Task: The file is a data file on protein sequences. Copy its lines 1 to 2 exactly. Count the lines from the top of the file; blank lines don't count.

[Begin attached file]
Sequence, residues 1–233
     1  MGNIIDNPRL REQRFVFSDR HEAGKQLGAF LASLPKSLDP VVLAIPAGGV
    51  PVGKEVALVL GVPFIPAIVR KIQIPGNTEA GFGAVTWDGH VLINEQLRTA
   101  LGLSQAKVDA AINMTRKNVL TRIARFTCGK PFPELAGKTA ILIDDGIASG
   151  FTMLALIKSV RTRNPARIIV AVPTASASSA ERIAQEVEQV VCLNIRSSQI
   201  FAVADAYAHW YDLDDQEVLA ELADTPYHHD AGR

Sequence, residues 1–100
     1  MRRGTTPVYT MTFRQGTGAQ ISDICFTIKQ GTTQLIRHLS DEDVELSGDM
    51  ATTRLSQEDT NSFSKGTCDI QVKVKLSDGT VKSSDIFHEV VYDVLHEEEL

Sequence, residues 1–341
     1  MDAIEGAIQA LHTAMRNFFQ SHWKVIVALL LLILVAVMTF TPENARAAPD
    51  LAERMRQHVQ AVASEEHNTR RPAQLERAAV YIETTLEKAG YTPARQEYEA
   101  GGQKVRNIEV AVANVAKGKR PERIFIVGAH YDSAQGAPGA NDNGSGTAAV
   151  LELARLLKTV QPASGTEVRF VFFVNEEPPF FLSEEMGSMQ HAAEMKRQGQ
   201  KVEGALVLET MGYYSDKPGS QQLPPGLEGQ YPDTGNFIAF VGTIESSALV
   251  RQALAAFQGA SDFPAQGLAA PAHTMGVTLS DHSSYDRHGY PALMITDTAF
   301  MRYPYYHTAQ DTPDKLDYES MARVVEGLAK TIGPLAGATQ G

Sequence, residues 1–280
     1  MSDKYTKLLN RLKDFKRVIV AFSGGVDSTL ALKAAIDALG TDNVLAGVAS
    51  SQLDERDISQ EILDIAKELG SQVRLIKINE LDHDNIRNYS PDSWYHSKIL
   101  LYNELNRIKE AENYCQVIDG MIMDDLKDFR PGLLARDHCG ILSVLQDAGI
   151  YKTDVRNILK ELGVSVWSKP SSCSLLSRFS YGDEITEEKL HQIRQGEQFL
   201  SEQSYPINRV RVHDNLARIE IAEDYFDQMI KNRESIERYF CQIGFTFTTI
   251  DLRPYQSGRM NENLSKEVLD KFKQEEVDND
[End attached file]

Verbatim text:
Sequence, residues 1–233
     1  MGNIIDNPRL REQRFVFSDR HEAGKQLGAF LASLPKSLDP VVLAIPAGGV